John Shelby Spong served the Episcopal Church as a priest and bishop for forty-five years. As a visiting lecturer at Harvard and at universities and churches throughout North America and the English-speaking world, he is one of the leading spokespersons for an open and engaged Christianity. He has initiated landmark controversial discussions within the church and is an outspoken advocate for change. His twenty-plus books, including The Sins of Scripture, A New Christianity for a New World, and his autobiography Here I Stand have sold over one million copies and have been translated into most of the major languages of the world. He also writes a weekly column for WaterFrontMedia. He lives with his wife, Christine, in Morris Plains, New Jersey.
The Easter Momentby John Shelby Spong
The Easter Moment tells the moving story of Spong's friendship with a young physician dying of cancer and how that relationship shed new light on the years of study the author has devoted to the great mystery of what actually happened on that long-ago Easter when the whole history of the human race was changed. Spong is willing to ask tough and searching/em>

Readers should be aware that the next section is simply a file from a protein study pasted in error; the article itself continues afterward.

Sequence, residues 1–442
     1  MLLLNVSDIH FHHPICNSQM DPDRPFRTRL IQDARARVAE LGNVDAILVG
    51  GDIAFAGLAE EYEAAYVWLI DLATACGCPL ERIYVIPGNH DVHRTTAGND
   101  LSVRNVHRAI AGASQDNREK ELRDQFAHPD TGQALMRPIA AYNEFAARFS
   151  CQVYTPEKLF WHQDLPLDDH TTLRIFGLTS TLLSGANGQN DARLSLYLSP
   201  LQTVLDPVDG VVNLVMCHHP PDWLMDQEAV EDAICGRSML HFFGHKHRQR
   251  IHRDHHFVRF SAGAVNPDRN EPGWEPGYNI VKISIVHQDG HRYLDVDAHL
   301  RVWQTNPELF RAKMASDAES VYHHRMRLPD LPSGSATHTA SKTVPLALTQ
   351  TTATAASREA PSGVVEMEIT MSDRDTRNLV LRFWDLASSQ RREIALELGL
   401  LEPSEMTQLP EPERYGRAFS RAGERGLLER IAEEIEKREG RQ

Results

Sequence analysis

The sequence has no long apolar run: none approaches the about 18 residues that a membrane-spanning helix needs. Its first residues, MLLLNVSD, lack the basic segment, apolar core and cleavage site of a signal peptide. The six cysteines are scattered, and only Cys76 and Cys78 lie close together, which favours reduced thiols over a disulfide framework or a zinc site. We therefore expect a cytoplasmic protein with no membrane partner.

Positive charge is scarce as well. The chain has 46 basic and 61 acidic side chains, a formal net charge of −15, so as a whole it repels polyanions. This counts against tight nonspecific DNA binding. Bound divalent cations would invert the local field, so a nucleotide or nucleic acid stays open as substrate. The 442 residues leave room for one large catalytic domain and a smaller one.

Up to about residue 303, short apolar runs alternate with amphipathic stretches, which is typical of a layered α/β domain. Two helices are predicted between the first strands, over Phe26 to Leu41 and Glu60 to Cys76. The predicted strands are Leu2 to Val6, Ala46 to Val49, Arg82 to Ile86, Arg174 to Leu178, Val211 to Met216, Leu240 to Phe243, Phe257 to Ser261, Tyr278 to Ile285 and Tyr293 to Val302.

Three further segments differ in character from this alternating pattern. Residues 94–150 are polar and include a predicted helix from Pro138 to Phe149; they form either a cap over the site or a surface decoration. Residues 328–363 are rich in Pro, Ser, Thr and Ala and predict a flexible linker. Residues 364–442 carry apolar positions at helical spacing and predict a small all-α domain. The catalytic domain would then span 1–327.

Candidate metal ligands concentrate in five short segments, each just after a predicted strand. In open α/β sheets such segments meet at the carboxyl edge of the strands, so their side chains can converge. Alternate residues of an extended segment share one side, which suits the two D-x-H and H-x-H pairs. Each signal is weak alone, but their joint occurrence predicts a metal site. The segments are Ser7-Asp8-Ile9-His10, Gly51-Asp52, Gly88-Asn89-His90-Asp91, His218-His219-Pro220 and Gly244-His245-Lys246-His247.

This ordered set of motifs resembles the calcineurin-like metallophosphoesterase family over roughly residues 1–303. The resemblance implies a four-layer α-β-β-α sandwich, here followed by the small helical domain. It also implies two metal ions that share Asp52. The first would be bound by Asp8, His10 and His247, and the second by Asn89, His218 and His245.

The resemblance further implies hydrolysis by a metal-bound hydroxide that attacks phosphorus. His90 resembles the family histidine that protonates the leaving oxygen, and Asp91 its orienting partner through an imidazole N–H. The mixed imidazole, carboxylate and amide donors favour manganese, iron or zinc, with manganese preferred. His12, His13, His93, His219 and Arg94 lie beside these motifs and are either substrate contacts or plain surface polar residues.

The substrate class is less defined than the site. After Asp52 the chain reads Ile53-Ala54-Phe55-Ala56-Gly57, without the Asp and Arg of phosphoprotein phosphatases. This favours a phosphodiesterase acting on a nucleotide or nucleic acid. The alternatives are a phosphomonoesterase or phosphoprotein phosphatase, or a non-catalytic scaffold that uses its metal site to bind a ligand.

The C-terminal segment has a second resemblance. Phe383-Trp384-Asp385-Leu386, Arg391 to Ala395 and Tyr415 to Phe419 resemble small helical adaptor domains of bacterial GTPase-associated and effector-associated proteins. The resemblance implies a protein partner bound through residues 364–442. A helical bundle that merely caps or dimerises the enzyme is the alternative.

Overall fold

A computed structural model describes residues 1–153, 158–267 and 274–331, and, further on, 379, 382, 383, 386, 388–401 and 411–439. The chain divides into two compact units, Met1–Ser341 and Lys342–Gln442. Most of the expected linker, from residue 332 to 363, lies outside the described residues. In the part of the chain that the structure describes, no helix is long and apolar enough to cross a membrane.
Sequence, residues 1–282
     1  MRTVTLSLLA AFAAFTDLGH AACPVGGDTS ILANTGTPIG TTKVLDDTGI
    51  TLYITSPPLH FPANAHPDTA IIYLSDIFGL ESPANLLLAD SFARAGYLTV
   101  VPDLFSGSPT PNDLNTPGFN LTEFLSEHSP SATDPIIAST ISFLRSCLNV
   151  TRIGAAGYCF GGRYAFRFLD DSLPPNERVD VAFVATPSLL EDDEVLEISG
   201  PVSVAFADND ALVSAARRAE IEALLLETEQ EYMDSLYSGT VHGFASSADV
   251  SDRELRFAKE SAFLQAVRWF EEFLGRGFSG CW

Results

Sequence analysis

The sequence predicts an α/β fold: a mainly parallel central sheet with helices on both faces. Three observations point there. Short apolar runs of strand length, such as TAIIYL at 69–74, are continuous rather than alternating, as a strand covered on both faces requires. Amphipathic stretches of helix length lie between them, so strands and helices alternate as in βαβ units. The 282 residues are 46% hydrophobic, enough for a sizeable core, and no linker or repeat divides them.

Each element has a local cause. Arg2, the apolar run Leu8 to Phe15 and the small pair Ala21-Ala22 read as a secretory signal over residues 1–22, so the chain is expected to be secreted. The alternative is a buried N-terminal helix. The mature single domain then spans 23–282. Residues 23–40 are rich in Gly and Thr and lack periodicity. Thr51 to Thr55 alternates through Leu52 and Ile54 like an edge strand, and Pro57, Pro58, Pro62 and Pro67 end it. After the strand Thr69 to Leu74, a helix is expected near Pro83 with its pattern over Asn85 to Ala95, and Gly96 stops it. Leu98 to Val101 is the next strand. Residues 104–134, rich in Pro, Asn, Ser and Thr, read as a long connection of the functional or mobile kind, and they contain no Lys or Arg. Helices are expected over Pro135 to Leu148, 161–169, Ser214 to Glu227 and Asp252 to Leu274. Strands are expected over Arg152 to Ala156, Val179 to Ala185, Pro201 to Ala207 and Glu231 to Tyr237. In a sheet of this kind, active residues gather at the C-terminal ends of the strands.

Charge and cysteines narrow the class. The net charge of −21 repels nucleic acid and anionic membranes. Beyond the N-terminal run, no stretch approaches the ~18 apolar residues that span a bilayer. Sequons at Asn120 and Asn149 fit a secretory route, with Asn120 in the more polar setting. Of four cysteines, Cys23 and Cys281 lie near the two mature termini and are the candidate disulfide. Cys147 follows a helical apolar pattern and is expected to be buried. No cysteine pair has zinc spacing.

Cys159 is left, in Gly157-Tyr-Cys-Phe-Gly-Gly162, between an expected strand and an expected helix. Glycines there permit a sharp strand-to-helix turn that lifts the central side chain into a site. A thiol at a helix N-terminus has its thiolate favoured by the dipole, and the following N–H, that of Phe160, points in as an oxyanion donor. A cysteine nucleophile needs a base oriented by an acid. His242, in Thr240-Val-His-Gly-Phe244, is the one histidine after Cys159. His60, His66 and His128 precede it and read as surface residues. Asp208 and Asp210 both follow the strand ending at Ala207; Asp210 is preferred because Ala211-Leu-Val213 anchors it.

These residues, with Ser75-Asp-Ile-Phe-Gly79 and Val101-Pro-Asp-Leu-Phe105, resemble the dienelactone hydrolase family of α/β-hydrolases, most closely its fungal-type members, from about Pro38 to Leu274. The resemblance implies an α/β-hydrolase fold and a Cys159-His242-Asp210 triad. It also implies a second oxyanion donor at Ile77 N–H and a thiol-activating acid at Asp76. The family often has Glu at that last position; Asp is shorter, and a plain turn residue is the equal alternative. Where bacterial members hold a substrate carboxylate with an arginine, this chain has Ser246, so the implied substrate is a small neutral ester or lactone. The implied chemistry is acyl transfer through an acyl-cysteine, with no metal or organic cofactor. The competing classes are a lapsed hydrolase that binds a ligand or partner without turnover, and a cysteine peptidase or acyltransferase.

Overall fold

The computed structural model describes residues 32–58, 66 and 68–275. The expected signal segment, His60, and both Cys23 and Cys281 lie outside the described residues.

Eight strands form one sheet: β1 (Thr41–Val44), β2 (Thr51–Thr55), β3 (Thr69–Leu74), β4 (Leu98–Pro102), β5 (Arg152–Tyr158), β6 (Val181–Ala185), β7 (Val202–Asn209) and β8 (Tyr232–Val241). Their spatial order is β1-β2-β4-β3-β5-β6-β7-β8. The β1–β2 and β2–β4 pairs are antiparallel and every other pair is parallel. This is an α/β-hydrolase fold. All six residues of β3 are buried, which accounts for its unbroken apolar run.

The Easter Moment tells the moving story of Spong's friendship with a young physician dying of cancer and how that relationship shed new light on the years of study the author has devoted to the great mystery of what actually happened on that long-ago Easter when the whole history of the human race was changed. Spong is willing to ask tough and searching questions and to come up with startling and significant answers to what happened after death that first fateful Easter, and what that means for thinking about life after death today.
- HarperCollins Publishers
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This book was interesting to me because it is Dr. Spong in his early days. I have a feeling he would not really want this book to be available any more. It reveals two things about the writer: first that Spong early seminary training had a much deeper repsect on the biblical material than he presently has. There is an amazing unity of thought he appeals to in the book and it actually has very traditional thought found throughout the church.secondly he has embraced a much morebroken and less unified biblical scholarship that he always claims in almost universally accepted but in truth is not even in most mainline seminaries. I like Spong to tell you thet truth and have read all of his books, but a little of the early Spong would serve the Church better. I know he sees the mission field as exile believers butin the end his deep and growing disrespect of the church should have him travel back and read his osn early works! I for one would love to welcome him back from his own self exile!